Mentions: α-bungarotoxin inhibits postsynaptic activation of AChR’s by binding either the alpha1 or alpha7 subunits and could potentially interfere with developmental mechanisms that may require this activation. To help determine whether prolonged expression of α-bungarotoxin protein interferes with the path finding of motor neurons we imaged Tg(mnx1:gfp) embryos at 72 hpf that had been injected with a control or α-bungarotoxin mRNA at the 1-cell stage (Fig 3A–3C) and observed no obvious differences in the motor neuron patterning or path finding. We quantified distances between branches of a stereotyped dorsal axon (red bracket in Fig 3A, schematic in Fig 3D) and found no statistical difference between the distribution of axon branches between controls, embryos injected with 50 pg of α-bungarotoxin mRNA at the 1-cell stage, and embryos treated with 200 μg/ml Tricaine from 24 to 72 hpf (Mann-Whitney-Wilcoxon test, respective two tailed P-values of 0.58 and 0.36 indicate no significant differences between axon branch distributions relative to the control). This is consistent with the ability of paralyzed embryos to rapidly recover normal motility and the lack of muscle defects. This is also consistent with the nic1 mutant (AChR alpha 1 subunit) that lacks detectible motor neuron innervation defects or neuromuscular phenotypes [32]. However, there remains the possibility that these analyses miss more subtle differences arising from reduced feedback that can modulate synapse remodeling [33, 34]. Additionally, the subset of CNS neurons that use the AChR alpha 7 subunit could also be affected. Because α-bungarotoxin may have unidentified side effects, care should be taken when using α-bungarotoxin to study processes related to plasticity, wiring, and dynamics of neural networks.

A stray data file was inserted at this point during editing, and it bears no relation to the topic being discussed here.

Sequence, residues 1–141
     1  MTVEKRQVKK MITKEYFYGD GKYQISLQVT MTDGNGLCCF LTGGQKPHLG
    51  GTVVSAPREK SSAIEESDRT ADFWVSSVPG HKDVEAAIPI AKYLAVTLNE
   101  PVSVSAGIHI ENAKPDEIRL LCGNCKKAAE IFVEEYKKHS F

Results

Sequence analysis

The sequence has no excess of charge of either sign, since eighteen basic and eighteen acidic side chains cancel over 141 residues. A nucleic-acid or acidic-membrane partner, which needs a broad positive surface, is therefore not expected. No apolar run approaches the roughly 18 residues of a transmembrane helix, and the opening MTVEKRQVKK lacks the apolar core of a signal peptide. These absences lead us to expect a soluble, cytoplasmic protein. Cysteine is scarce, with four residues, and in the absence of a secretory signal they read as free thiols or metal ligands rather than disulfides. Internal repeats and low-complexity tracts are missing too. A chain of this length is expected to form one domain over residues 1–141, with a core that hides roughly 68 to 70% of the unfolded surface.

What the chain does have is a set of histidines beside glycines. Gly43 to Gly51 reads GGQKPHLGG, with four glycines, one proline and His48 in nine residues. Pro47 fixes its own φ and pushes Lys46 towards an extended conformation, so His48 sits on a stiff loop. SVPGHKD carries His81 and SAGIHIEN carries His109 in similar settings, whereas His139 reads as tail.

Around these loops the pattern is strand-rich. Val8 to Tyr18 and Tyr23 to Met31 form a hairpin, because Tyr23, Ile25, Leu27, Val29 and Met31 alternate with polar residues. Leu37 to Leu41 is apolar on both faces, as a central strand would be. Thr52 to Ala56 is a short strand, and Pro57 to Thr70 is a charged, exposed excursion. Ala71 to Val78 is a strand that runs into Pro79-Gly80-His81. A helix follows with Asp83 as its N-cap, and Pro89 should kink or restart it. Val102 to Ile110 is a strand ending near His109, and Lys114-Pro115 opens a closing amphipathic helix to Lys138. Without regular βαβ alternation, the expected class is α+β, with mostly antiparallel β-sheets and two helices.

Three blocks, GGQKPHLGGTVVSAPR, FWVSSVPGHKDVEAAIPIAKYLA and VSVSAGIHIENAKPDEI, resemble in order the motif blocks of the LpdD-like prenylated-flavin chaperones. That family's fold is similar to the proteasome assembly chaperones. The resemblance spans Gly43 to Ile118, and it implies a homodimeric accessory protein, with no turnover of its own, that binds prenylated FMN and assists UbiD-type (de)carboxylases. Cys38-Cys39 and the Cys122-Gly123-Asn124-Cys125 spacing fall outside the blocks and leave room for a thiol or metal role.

Bottom Line: Unfortunately, prolonged tricaine treatment at concentrations high enough to immobilize the embryo produces undesirable side effects on development.We find evidence for co-operation between tricaine and isoeugenol to give immobility with improved health.These results demonstrate that endogenously expressed α-bungarotoxin provides unprecedented immobility and health for time-lapse microscopy.

View Article: PubMed Central - PubMed

Affiliation: Department of Systems Biology, Harvard Medical School, Boston, Massachusetts, United States of America.

ABSTRACT
Rapid advances in microscopy and genetic labeling strategies have created new opportunities for time-lapse imaging of embryonic development. However, methods for immobilizing embryos for long periods while maintaining normal development have changed little. In zebrafish, current immobilization techniques rely on the anesthetic tricaine. Unfortunately, prolonged tricaine treatment at concentrations high enough to immobilize the embryo produces undesirable side effects on development. We evaluate three alternative immobilization strategies: combinatorial soaking in tricaine and isoeugenol, injection of α-bungarotoxin protein, and injection of α-bungarotoxin mRNA. We find evidence for co-operation between tricaine and isoeugenol to give immobility with improved health. However, even in combination these anesthetics negatively affect long-term development. α-bungarotoxin is a small protein from snake venom that irreversibly binds and inactivates acetylcholine receptors. We find that α-bungarotoxin either as purified protein from snakes or endogenously expressed in zebrafish from a codon-optimized synthetic gene can immobilize embryos for extended periods of time with few health effects or developmental delays. Using α-bungarotoxin mRNA injection we obtain complete movies of zebrafish embryogenesis from the 1-cell stage to 3 days post fertilization, with normal health and no twitching. These results demonstrate that endogenously expressed α-bungarotoxin provides unprecedented immobility and health for time-lapse microscopy.

No MeSH data available.


Related in: MedlinePlus